Brian Tarquin is an Emmy winning guitar player, producer and composer from New York City. He obtained a solid education in music and audio engineering by attending fine schools such as: Mannes College The New School for Music, S.U.N.Y. @ New Paltz and Center for the Media Arts. After gaining experience in the industry by working at various studios such as Electric Ladyland and the Jingle Company - Look & Company, Brian moved to where the action was in L.A. to hone his craft. Brian networked his way through the ranks by working at major studios and record companies and wound up becoming a sought-after industry expert. During this time, Brian was also very active with his guitar, producing many light jazz, and fusion works of music. As an all around musician and producer, Brian created many compositions for TV shows and movie trailers which eventually landed him three Emmy's. In 2006 Brian launched his own record label BHP Music, LTD., which specializes in guitar music. This company produced the Guitar Master Series with legends such as: Jimmy Page, Jeff Beck, Carlos Santana, B.B. King and many others performing Brian's compositions. Brian is constantly producing new music and in 2014 released - Guitars for Wounded Warriors on Cleopatra Records, which sends partial proceeds to the Fisher House Foundation. The foundation helps to support the family's of wounded soldiers while their loved ones receive treatment. This release features high energy guitarists such as Steve Morse, Reb Beach, Billy Sheehan, Brian Tarquin himself, along with many others. Brian has written a a book entitled "The Insiders Guide to Music Liscensing", and is a must read to any musician trying to publish his or her music. I recently conversed with Brian.
R.V.B. - Hello Brian, this is Rob from Long Island, New York - How are you doing today?
B.T. - Good thanks, how are you?
R.V.B. - I'm doing pretty good. I understand that you're from this area.
B.T. - Yeah, I was originally from the city.
R.V.B. - Were you in Manhattan itself or Queens?
B.T. - Manhattan.
R.V.B. - I see, when did you move out west?
B.T. - That was a long time ago. That was about twenty years ago when I moved out west. Then I came back to New York. I'm currently in Florida now.
R.V.B. - What's going on in Florida?
B.T. - I continuing to do music... I produce records and do a lot of music for television and film.
R.V.B. - What part of Florida are you in?
B.T. - You know where the space coast is? Cocoa Beach... that area?
R.V.B. - Yeah... Any satellites being launched lately?
B.T. - You know what? I think there was a couple this past month. We are so close, the whole ground shakes so it's pretty cool.
R.V.B. - Congratulations on your new album. It sounds like it's for a very good cause. What inspired you to come up with this?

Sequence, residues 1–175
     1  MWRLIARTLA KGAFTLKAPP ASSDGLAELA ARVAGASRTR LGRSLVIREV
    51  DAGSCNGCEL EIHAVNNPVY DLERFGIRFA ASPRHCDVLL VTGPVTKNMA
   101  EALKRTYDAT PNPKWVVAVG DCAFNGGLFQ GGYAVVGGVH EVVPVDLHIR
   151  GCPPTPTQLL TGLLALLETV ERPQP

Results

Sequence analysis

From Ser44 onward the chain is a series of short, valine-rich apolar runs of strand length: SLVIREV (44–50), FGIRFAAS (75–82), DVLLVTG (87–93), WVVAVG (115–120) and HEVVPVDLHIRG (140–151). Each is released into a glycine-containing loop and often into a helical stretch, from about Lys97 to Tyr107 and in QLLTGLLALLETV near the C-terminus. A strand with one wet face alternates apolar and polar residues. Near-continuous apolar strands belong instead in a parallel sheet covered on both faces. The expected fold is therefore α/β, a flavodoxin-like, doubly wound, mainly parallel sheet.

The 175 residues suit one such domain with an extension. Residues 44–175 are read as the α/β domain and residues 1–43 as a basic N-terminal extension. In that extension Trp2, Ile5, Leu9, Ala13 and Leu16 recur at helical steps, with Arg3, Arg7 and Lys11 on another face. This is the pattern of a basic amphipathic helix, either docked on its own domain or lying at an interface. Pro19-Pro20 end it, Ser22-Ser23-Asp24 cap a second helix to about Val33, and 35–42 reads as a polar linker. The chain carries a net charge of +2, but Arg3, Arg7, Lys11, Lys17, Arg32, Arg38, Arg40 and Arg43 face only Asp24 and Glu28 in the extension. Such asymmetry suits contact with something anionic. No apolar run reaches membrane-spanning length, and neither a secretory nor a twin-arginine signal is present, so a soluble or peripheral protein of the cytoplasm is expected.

B.T. - You know, I've always liked doing things for causes like putting guitar guys together... composing, producing and playing with them. I did one for 911 - Fretworx. That was dedicated to the guys who lost their life there. Then I did one for Les Paul when he passed away about 4 or 5 years ago. I wanted to do one for returning veterans, so I thought this was a great thing to get all of us together and record some great music.
R.V.B. - Yeah, it sounds like a great idea. You pulled out all the stops with some of the players that you have on here. Did you write each song?
B.T. - Yeah, I composed everything.
B.T. - You know, I kind of went down and with each song I had a player in mind. I wanted to keep the military theme with it so like with "Blackhawk"... I wrote that with Billy Sheehan in mind. I wrote Taliban Terror with Reb Beach and Bumblefoot in mind. Both Charlie Surfs and Hunting had shared guests. So with each one I kind of tried to come up with a military theme whether present or past. I would think who was gonna be good for this project as I was writing it, so I kind of tailored it to each player.
R.V.B. - Now obviously you're a guitar player and you are known for your jazz work. When you were younger did you play heavier stuff?
B.T. - Yeah I was always a fusion guy when I was younger and I still am. In the 90's, I did more of the contemporary smooth jazz stuff, but since then I've been doing a lot of hard rock and fusion stuff on my other releases. I knew a lot of these guys on the records like Gary and Chris Poland and Alex De Rosso and Chuck Loeb and Steve Morse, so I wanted to get everybody together. It was definitely the heaviest record that I'd ever done, but I wanted to get a progressive metal thing going on.
R.V.B. - Steve Morse happens to be one of my favorites because I like Deep Purple. Did you get these guys to come to the studio or was some of it tracked over the internet?
B.T. - It was split. Some guys were on tour so Steve always sent me his tracks in the past. I would sent him a rough mix and he would put his tracks down and then I'd fly it in. When I record, I record basically everything to analog and then what I do is at the end I dump everything to pro tools and basically I could fly in tracks from different artists.
R.V.B. - You're talking my lingo here with recording analog because that's got the warmest sound.
B.T. - Yeah I always do everything analog. I always record drums, bass, guitar as much as I can the main and then because if I need to fly tracks in and do some editing and stuff, I'll dump it down. I have a full analog studio with a Trident desk and an Otari MTR 90 24 track and I have a 1/2" 2 track master. So what I do is with the master is at dump down to the Pro Tools I'll mix it all down to 1/2" tape and then I'll send the tape down to the mastering lab.